Last December after more than twelve months of preparation including all of the veterinary procedures, gaining of permits, and fundraising I was finally able to bring Tigon home to Australia!
This was to be another chapter in this amazing travelling dog’s life- a dog who had been given to me as a pup in Kazakhstan in 2004 and travelled 10,000km with me and my horses across the steppe to Hungary.
As you would probably know, he flew into Australia on the 11th of December (see my story about this on my website: /page/journeys/on-the-trail-of-ghengis-khan/iridium-expedition-diary/tim-s-reunion-with-tigon--18-12-08/ ) and was transported straight to the quarantine station in Melbourne. There he needed to spend one mandatory month, during which time I was allowed to have two visits per week. Tigon did not even hesitate when he heard my voice on the first visit and came running over and soon had his paws up on my chest. he wanted everything: a pat on his tummy, a scratch behind the ears.
The quarantine station was a fascinating place where dog lovers from all over the world came to picnic with their animals while they were in this ‘detention’ of sorts. Tigon had recognized me without hesitation on the first visit despite the fact that I hadn’t seen him in twelve months, and with every visit his excitement seemed to grow.
Then, on the 10th of January, came the big day. I drove down to Melbourne, bought about 15kg of bones from a local butcher, and walked Tigon out the security gates into freedom!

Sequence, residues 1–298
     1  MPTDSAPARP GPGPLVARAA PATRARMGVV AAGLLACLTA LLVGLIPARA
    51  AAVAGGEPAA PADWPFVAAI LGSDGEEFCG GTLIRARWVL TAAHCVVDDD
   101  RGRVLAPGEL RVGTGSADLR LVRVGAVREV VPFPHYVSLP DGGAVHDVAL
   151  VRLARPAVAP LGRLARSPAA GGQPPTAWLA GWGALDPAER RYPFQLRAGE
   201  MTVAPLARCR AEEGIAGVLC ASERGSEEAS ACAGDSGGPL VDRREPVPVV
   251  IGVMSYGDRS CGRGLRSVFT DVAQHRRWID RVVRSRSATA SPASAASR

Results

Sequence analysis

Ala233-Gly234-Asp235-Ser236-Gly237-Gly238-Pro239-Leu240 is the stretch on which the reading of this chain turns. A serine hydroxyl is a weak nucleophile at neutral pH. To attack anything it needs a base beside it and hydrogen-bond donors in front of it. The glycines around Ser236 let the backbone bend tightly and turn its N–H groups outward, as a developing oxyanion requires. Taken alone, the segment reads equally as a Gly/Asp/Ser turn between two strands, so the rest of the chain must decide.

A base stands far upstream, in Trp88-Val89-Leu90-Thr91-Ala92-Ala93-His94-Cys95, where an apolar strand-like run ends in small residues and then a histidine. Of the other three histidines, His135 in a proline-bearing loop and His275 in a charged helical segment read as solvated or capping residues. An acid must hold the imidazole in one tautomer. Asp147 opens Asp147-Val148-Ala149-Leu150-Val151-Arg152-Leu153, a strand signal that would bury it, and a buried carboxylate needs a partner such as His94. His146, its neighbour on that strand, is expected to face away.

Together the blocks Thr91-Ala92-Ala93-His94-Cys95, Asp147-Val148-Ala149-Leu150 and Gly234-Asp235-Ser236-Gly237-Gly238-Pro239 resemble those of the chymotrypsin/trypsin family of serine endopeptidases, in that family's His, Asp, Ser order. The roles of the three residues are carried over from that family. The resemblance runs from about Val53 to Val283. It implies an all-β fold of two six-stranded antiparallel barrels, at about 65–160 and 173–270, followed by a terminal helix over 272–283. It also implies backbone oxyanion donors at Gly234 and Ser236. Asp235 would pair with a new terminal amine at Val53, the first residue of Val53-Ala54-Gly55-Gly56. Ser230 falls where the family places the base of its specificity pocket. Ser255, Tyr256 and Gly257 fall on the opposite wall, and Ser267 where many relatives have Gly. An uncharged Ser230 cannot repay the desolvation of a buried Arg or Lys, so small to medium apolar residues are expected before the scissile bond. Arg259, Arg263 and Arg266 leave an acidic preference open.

To drive him up the drive into the family home in Gippsland felt surreal- like the tale of Gulliver's travels, this dog who I spent three years with on the steppes, who went through so much with me, is now here, living proof. It felt like I had been reunited with more than a dog, but a an old friend.
It has been fascinating to watch his reactions- everything was new for him including the bird sounds, the smells, the plants, and concepts such as 'fences.’ He has stopped several time with his head cocked in intrigue at the sound of kookaburras, galahs, and cockatoos.
The day I brought him home from Quarantine actually turned into a bit of a circus. I took him down the back paddock of our property in and gave him the command to run- since it was his first opportunity off the leash and out of a pen in Australia. However as he bolted off realized that what he thought I asked him to do was chase down a rabbit.....then screaming at full tilt coming back up the paddock were our two alpacas, Tigon sprinting behind. This went on for some time until they spat all over the poor dog. By the time I came to the rescue Tigon had been christened with a green mash of chewed grass and stinky saliva- but hey, spit happens.
He has since calmed down and is settling in remarkably well. He managed to tough out the heatwaves and the Victorian bushfire smoke under the fronds of ferns in the garden. The other day he caught his first Australian rabbit, and he hasn't dug up my mothers garden yet, so he is so far in the good books.
Currently I am working on a book about my journey and hope to write children’s book about Tigon.
I would like again to extend my thanks to the many people who helped me to raise the funds needed to get Tigon home. In particular all those who came to the Mountain Designs sponsored talk in Perth in November, those who attended the Horses and Horseman arranged talk in Margaret River, and the many individuals who have supported me ranging from the business community in Wollongong to many others, strangers and friends. Thanks also goes to Janos Loska and his family for all of ther patience and help in looking after Tigon in Hungary, and to Edit Budik, the Hungarian Vet who arranged the final preparations for his departure.